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This Month in Archives of Dermatology
August 2005

This Month in Archives of Dermatology

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Copyright 2005 American Medical Association. All Rights Reserved. Applicable FARS/DFARS Restrictions Apply to Government Use.2005

Arch Dermatol. 2005;141(8):939. doi:10.1001/archderm.141.8.939
Incidence of New and Changed Nevi and Melanomas Detected Using Baseline Images and Dermoscopy in Patients at High Risk for Melanoma

Photographic cutaneous surveillance is a useful tool for the early detection of melanoma in high-risk patients. Not all new or changed pigmented lesions are melanomas, however. In this cohort study of patients at high risk for melanoma, Banky et al demonstrate that nevi are dynamic, and only a small proportion of new and changing nevi are melanomas. Baseline total body photography and dermoscopy were useful in reducing the high biopsy rates. New and changing lesions in patients older than 50 years were more likely to be melanomas.

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Randomized Controlled Trial Testing the Impact of High-Protection Sunscreens on Sun-Exposure Behavior

Research suggests that behaviors that increase sun exposure are major contributors to the rising incidence of melanoma in the past 3 decades. The relationship between sunscreen use and melanoma risk remains controversial, with some studies suggesting that sunscreen use represents a risk factor rather than a protective factor for melanoma. In this randomized controlled intervention study at a French seaside resort, Dupuy et al demonstrate that the use of sunscreens with high sun-protection factor (SPF) did not increase the duration of sun exposure and also reduced the number of sunburns. These data suggest that public health recommendations should continue to promote high-SPF sunscreens as part of their sun-avoidance program.

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Comparative Performance of 4 Dermoscopic Algorithms by Nonexperts for the Diagnosis of Melanocytic Lesions

Dermoscopy has been shown to improve the early diagnosis of melanoma, when lesions are still thin and surgical therapy is more likely to be curative. Although experienced clinicians tend to use overall dermoscopic pattern recognition without following specific algorithms, clinicians with less experience find several dermoscopic algorithms helpful in reaching a diagnosis. In this study of 61 nonexpert medical practitioners, Dolianitis et al demonstrate that the Menzies method showed the highest accuracy and sensitivity for melanoma diagnosis and was preferred by study participants.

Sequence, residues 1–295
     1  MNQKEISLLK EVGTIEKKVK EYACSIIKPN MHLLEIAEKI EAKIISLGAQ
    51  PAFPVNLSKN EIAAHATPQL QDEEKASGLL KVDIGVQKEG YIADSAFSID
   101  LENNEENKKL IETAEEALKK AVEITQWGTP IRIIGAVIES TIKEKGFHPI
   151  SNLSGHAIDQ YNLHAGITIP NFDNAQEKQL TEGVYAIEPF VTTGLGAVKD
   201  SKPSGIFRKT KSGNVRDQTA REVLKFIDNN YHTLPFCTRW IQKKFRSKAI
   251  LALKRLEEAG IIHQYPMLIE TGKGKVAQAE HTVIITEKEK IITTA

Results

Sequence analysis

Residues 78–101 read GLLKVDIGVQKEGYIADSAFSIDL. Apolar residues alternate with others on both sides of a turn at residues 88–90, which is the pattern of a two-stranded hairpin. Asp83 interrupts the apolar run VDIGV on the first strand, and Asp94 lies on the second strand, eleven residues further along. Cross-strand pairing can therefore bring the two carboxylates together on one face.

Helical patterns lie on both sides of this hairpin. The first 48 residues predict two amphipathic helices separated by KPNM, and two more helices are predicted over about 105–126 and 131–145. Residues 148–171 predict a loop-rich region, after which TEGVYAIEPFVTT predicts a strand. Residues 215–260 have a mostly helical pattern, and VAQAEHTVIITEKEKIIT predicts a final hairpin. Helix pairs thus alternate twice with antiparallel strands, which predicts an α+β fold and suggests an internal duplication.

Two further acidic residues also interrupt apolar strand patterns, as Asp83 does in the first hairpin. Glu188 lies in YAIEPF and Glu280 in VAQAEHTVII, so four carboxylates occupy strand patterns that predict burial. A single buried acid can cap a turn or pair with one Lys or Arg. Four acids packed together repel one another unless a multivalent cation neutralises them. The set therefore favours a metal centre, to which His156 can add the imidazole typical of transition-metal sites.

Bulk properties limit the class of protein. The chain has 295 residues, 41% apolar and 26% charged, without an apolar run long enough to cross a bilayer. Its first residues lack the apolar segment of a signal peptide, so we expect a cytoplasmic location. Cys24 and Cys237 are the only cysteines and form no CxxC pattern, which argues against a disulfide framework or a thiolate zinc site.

Image not available

Dermoscopic image of a level I superficial spreading melanoma.

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Sentinel Lymph Node Biopsy for Cutaneous Melanoma

Sentinel lymph node biopsy (SLNB) offers a powerful prognostic indicator for recurrence and survival in primary melanoma. In this retrospective analysis of their SLNB experience over an 8-year period, Berk et al confirm the prognostic value of SLNB and the validity of this technique for staging melanoma lesions thicker than 1.0 mm. Findings of SLNB were the strongest predictors of recurrence, and a low rate of regional nodal recurrence was recorded for cases with negative SLNB findings, demonstrating the reliability and reproducibility of this procedure.

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Sunscreen Use Before and After Transplantation and Assessment of Risk Factors Associated With Skin Cancer Development in Renal Transplant Recipients

Renal transplant recipients develop cutaneous malignancies such as squamous cell carcinomas more commonly than the general population. The risk of skin cancer in this population increases in proportion to the duration of immunosuppressive drug regimens as well as cumulative sun exposure. As graft survival outcomes have improved, a significant increase in immunosuppression-related skin cancers has been observed. In this single-observer study, Moloney et al demonstrate low compliance with sunscreen use both before and after transplantation. Reasons for not using sunscreens included the expense, lack of knowledge regarding the harmful effects of sun exposure, forgetting to apply the sunscreen, finding sunscreens impractical in a work environment, and finding sunscreens cosmetically unacceptable because of comedogenicity.

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